Rebel Capabilities and the Damascus Chemical Attacks
By Adam Larson
Global Research, September 13, 2013

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The Ghouta Gas Attack: Cui Bono (Who Benefits)?

Despite recent maneuvers to ease the danger, the world stands entirely too close to a disastrous conflict to remove the sovereign government of Syria (aka Bashar al-Assad). Like the campaign against Iraq (aka Saddam Hussein) a decade ago, this Western-driven program is over WMD allegations.

The charges of course are that “Assad” killed perhaps 1,300 of his citizens with Sarin gas, in several contested cities of the Ghouta region surrounding Damascus, on August 21. Hundreds of civilian victims, including dozens of children and babies, were shown dead on videos; they were not shot or stabbed like usual for that medium, visually appearing to be killed by poison or perhaps suffocation. Activists describe the gas differently but agree it was delivered a series of pre-dawn rocket attacks from government-held areas.

 This was done, allegedly, to finally drive the rebels out of Ghouta, but it’s not usually explained why that method and time were chosen. Because of this alleged crime, the increasingly harassed, demonized, and isolated nation is threatened with Cruise missiles and perhaps months or years of deadly force to follow.

As if to make a point, whoever chose the time made it exactly* one year after U.S. President Barack Obama (aka not Bush) first promised that an event like this – even remotely like or hinting at this – would cross a “red line,” which would force him and the U.S. military to respond somehow.* (Aug. 20, 2012 compared to around 2-3 AM Aug. 21, 2013: adjusted for time zones, that’s one year and a few hours – the exact times are unsure) [1]

 Oddly, this also came not three days after the elusive United Nations CW investigation team finally arrived in Damascus. [2] They were first invited by the Syrian government in March after a rebel gas attack on their forces in Khan al-Assal, Aleppo (an incident we will return to), and so for the first time in the conflict, they were on hand to find and expose any signs of this alleged Sarin deployment the other way. (The attacks in areas all around them would also, obviously, distract the team, who never did get to Aleppo as hoped)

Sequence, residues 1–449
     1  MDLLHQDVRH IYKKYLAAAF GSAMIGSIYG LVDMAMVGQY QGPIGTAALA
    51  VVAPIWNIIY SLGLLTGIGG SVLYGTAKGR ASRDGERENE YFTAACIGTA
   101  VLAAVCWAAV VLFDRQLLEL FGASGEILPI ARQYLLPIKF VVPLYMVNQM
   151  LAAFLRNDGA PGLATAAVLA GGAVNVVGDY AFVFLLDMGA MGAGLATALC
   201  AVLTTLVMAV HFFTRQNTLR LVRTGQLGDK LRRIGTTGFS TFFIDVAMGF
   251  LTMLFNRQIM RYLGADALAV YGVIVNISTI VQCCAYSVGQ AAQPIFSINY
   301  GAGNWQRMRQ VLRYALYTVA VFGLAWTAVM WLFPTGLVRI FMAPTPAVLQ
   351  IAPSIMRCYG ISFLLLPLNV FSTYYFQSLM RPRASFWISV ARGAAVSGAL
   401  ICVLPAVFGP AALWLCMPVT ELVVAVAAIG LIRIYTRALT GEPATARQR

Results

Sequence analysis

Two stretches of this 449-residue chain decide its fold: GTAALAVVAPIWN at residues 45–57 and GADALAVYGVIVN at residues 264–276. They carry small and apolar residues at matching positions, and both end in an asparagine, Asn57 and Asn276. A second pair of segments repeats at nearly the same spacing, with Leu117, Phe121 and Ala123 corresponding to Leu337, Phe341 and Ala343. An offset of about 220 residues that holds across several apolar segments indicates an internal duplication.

From this vantage point, it’s not hard to see who stood to lose and to benefit from the chemical attack. Everyone can see the government had to be stupid or suicidal to willingly do just that, just there, and at that time. Explanations bandied about include that it was a rogue officer issuing the insane order, or it was approved but someone miscalculated – on a massive scale. An unnamed analyst said to Foreign Policy magazine’s The Cable “we don’t know exactly why it happened … we just know it was pretty fucking stupid” and, presuming imminent air strikes, “they get what they deserve.”  [3]

 Conversely, it would be to the utmost benefit for the extremist rebel cause in Syria and the region to have “Assad” do – or be blamed for – such a thing. As Rusia’s Foreign ministry spokesman Alexander Lukashevich suggested, it might be a “pre-planned provocation” timed with the arrival of the UN team. [4]